The barriers to organ and tissue donation in palliative care

Clinical review
First published in this online journal
Declaration of interests: 
Mary Spencer
Author profile (accurate when this article was originally published): 
Mary Spencer is Staff Nurse, Inpatient Unit, St Christopher’s Hospice, London. Email:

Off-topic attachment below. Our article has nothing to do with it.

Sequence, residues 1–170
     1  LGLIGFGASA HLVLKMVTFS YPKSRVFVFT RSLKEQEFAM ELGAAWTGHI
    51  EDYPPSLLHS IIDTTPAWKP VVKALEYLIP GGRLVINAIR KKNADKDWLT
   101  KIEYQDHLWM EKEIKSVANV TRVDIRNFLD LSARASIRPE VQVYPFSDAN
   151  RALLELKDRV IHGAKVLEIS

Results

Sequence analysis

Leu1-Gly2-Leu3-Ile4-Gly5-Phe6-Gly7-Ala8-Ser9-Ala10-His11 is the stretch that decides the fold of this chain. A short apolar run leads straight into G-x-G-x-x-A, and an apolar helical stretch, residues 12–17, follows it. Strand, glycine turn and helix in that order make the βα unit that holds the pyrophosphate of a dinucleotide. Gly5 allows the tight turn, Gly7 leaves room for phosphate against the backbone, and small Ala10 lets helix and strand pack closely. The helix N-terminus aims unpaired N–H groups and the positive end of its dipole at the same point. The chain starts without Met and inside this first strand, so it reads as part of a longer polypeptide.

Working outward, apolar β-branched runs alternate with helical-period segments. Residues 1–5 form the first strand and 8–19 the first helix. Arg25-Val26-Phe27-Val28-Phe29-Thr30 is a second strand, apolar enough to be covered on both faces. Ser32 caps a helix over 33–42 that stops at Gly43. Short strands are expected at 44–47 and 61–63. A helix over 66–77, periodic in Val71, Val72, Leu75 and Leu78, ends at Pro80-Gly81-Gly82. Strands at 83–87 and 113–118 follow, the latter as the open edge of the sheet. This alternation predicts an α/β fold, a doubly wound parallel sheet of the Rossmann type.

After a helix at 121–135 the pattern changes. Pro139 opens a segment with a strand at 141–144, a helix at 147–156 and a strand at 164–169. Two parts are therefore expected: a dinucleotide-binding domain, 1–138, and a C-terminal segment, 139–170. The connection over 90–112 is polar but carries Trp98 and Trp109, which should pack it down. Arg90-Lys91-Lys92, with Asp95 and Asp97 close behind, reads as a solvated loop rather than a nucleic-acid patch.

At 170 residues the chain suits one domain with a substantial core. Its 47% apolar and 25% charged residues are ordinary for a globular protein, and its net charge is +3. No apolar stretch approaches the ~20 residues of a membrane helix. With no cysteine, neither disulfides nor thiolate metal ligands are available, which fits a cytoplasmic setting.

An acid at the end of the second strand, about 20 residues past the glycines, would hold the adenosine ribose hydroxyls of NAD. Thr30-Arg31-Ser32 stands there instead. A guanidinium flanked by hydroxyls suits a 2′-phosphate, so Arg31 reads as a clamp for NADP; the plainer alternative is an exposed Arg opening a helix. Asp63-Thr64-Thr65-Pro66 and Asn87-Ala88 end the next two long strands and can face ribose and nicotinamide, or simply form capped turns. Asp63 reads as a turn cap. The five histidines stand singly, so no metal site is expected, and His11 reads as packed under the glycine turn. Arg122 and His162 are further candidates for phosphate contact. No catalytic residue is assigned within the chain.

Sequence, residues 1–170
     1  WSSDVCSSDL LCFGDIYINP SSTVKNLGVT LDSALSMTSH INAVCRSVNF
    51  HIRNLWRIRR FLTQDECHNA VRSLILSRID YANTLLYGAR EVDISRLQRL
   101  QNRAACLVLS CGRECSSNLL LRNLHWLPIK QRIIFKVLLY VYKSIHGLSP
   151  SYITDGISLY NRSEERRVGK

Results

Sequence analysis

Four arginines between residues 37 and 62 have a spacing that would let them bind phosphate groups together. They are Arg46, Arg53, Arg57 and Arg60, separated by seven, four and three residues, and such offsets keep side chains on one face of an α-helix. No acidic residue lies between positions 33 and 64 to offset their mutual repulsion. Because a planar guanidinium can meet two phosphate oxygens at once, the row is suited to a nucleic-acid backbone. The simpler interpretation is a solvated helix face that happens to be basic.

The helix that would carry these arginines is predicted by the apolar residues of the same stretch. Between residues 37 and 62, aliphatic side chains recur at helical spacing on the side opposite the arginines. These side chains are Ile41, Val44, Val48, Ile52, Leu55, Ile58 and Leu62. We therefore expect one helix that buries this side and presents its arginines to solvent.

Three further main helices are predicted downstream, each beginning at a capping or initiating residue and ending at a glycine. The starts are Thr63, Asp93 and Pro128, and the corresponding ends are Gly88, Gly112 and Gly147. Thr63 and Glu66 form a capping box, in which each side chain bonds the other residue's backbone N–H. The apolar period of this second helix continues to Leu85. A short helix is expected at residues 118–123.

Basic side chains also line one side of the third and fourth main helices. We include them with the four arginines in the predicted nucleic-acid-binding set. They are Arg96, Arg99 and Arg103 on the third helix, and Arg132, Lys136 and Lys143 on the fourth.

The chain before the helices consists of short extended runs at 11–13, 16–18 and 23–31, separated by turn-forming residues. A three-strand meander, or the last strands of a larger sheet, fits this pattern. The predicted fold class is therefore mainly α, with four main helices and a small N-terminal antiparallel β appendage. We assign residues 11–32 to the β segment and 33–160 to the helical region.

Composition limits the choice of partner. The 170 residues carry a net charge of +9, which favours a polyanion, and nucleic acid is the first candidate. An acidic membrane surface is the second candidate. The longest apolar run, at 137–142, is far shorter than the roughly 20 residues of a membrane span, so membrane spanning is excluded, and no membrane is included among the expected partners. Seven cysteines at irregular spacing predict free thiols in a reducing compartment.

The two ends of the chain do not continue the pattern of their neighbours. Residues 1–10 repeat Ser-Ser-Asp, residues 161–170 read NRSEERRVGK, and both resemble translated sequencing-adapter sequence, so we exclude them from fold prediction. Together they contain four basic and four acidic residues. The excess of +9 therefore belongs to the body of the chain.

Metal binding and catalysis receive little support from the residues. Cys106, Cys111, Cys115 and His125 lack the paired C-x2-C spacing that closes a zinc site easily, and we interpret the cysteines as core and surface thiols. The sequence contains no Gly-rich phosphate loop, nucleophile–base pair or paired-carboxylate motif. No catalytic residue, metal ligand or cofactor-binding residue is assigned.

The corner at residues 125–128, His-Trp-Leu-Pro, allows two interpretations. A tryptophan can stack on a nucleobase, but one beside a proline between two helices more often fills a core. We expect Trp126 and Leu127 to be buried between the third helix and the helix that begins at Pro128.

Discussions about organ/tissue donation are now expected to become part of end-of-life care discussions, when appropriate. It is commonly perceived that terminally ill people are not eligible to donate their organs/ tissues. However, that is not the case. Palliative care patients can donate various tissues, including corneal tissue, and in some cases organs. Donation rates from palliative care patients are low as a result of a variety of factors, e.g. the family not knowing the deceased’s wishes, negative attitudes to organ/tissue transplantation among relatives and clinicians, fears of disfiguring the body and wanting to protect the deceased person from further harm. Health professionals can be reluctant to broach the topic of tissue donation with patients and/ or their families/next of kin. This article will explore the involvement of palliative care patients in decisions about donating their tissues, why families may be reluctant to consent to donating organs/tissues of deceased loved ones and reasons why nurses are wary of discussing the possibility of donation with patients and/or their next of kin. Recommendations for practice will also be made.

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